Summer usually is the time most of us like to put tax season behind us and try to mentally and emotionally recover before diving in again at the end of the year. Mid-year though is a perfect time for your clients to take a look at ways they can plan and potentially save before year-end.
With half a year left, these strategies have time to make a difference to taxpayers. Bonus. They are easy ones to send out in a newsletter and do not necessarily require you to run specific projections for everyone.
1. Review withholdings/estimates
I find in our practice a lot of people tend to over withhold and underpay estimates. Looking at these numbers midyear provides ample time for adjustment. While large refunds seem like a great idea, it is never a fiscally sound decision to be loaning out your money interest-free during the year or using withholdings as forced savings.
Especially with significantly increased living costs right now, many clients could benefit from a boost in their paycheck if their withholdings are too high. On the flip side, if not enough is being withheld or clients have yet to make appropriate estimates, clients have the opportunity now to catch up on those payments spread out over a reasonable period of time.
2. Look at retirement accounts
I find that unfortunately a lot of clients do not recognize that a contribution to a retirement account is also a reduction in taxes and they are stuck in a mindset of not being able to afford to increase contributions.
Demonstrating how they may be able to put more into their 401(k) and/or IRA while simultaneously reducing their withholdings or their estimates is a valuable service to provide. Most self-employed clients also do not know that they have until the extended due date of their tax returns to make SEP contributions, allowing them more time to spread out those payments separately from tax payments.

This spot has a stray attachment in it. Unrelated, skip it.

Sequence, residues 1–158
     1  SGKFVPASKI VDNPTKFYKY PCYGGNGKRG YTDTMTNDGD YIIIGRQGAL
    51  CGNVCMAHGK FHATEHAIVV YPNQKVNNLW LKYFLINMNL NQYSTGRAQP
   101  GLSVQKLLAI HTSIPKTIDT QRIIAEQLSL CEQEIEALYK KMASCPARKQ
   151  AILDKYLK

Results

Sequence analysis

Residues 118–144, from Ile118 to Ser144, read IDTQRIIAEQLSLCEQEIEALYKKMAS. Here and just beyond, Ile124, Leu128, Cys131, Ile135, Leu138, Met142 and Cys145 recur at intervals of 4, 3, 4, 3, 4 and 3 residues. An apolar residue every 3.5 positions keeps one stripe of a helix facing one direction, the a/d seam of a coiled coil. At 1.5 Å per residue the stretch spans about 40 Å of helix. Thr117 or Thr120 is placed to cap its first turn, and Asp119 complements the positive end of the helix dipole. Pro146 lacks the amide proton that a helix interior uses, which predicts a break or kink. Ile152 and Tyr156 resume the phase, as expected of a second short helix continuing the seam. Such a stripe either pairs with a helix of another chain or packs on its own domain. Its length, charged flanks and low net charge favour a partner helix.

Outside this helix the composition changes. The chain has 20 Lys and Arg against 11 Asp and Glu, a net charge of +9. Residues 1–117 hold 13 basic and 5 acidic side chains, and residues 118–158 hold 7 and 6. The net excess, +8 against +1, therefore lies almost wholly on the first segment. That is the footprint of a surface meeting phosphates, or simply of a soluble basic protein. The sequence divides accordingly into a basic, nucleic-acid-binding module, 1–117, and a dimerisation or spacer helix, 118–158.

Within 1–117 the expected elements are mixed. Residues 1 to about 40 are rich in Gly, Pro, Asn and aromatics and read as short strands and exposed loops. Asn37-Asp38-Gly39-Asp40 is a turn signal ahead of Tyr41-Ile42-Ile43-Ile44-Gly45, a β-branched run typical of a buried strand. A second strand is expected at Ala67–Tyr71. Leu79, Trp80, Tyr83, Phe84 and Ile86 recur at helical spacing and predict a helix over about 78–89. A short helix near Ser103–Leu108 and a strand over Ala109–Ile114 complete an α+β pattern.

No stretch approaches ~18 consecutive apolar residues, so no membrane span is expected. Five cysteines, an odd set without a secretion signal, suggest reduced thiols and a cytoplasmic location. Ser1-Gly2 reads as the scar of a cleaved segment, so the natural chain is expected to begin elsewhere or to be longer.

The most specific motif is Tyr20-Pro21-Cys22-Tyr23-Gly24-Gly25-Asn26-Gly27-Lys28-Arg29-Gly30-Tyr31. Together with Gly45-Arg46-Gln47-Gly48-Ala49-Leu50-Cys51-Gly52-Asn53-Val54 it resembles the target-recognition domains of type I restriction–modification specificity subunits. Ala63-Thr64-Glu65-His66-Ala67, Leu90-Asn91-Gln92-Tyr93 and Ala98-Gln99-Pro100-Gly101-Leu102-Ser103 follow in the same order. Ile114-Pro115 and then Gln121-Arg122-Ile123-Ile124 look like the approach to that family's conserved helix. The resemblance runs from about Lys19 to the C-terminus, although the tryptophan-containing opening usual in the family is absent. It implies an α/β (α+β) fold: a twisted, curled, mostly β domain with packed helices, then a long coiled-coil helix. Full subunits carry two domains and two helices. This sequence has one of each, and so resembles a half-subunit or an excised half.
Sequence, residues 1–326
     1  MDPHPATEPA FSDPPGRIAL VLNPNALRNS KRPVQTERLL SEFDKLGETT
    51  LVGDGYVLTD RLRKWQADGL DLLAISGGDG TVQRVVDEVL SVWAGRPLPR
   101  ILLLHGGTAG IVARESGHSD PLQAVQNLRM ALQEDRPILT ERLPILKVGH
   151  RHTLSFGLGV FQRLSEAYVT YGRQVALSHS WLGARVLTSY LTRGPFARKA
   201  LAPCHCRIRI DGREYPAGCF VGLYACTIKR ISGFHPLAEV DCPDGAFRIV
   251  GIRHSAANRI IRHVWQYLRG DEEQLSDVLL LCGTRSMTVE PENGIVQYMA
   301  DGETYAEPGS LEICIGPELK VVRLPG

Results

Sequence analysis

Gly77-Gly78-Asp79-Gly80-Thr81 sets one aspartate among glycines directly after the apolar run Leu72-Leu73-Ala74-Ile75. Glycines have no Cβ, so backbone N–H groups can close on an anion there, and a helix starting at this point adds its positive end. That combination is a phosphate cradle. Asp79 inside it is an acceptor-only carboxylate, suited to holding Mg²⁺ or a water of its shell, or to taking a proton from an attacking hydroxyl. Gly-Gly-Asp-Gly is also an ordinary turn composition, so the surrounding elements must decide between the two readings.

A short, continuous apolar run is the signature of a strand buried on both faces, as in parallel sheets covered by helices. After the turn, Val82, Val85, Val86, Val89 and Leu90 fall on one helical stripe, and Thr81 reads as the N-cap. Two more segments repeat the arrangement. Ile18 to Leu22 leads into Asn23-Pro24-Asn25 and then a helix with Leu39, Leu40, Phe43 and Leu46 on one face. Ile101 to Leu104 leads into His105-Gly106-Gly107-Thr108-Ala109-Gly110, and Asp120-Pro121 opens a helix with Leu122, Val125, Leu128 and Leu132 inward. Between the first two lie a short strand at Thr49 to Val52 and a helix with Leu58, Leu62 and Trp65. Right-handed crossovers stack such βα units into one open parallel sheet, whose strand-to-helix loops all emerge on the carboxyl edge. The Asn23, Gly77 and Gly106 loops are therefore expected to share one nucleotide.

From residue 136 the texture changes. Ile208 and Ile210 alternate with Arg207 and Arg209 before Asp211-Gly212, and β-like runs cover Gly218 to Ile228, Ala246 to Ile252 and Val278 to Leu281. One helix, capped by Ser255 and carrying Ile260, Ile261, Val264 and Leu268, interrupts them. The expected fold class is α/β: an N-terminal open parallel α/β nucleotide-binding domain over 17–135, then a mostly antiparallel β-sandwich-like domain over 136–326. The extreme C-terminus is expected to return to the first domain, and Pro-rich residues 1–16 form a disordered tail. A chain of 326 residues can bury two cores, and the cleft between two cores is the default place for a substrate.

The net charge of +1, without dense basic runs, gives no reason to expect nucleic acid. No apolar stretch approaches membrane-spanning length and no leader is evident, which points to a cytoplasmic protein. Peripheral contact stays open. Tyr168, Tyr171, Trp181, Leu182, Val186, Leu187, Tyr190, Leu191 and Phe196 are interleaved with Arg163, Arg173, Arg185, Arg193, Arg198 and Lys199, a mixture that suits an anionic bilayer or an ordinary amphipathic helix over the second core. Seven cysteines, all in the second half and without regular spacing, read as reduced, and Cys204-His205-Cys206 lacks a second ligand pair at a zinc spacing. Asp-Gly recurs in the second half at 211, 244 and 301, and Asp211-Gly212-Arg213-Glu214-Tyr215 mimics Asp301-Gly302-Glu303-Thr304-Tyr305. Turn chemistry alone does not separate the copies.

3. Ask about losses
Harvesting capital losses is not always the best strategy but in some cases, it makes sense to look for this. Especially for clients investing in cryptocurrency who may have gains they were not necessarily anticipating. Clients don’t often consider their investment income when planning ahead or just looking at their W-2 unless there are large gains involved.
That means they can be thrown off by the tax bill if they had an account they forgot about for part of the year. Now is an integral time to look at how investments are performing and take advantage of what is available.
This type of planning can also help you as the preparer make your life easier during tax season. These planning conversations help to bring to light major changes or new accounts that might be part of a return for the first time this year.
Knowing about changes now will cut down on surprises when you’re swamped during busy seasons and make those items less of a headache. That, combined with helping clients to feel more aware of their financial strategy is a win-win.
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